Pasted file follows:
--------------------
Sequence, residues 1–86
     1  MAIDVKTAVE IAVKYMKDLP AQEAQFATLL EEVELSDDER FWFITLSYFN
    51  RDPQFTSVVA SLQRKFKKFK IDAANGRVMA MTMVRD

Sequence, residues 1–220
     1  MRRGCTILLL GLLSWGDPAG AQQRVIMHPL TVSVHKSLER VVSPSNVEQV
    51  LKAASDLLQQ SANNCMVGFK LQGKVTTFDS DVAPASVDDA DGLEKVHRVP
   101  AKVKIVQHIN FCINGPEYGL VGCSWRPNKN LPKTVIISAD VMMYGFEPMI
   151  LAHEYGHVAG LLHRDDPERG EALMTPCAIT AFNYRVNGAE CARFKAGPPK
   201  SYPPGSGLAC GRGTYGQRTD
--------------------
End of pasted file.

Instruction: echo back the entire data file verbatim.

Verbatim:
Sequence, residues 1–86
     1  MAIDVKTAVE IAVKYMKDLP AQEAQFATLL EEVELSDDER FWFITLSYFN
    51  RDPQFTSVVA SLQRKFKKFK IDAANGRVMA MTMVRD

Sequence, residues 1–220
     1  MRRGCTILLL GLLSWGDPAG AQQRVIMHPL TVSVHKSLER VVSPSNVEQV
    51  LKAASDLLQQ SANNCMVGFK LQGKVTTFDS DVAPASVDDA DGLEKVHRVP
   101  AKVKIVQHIN FCINGPEYGL VGCSWRPNKN LPKTVIISAD VMMYGFEPMI
   151  LAHEYGHVAG LLHRDDPERG EALMTPCAIT AFNYRVNGAE CARFKAGPPK
   201  SYPPGSGLAC GRGTYGQRTD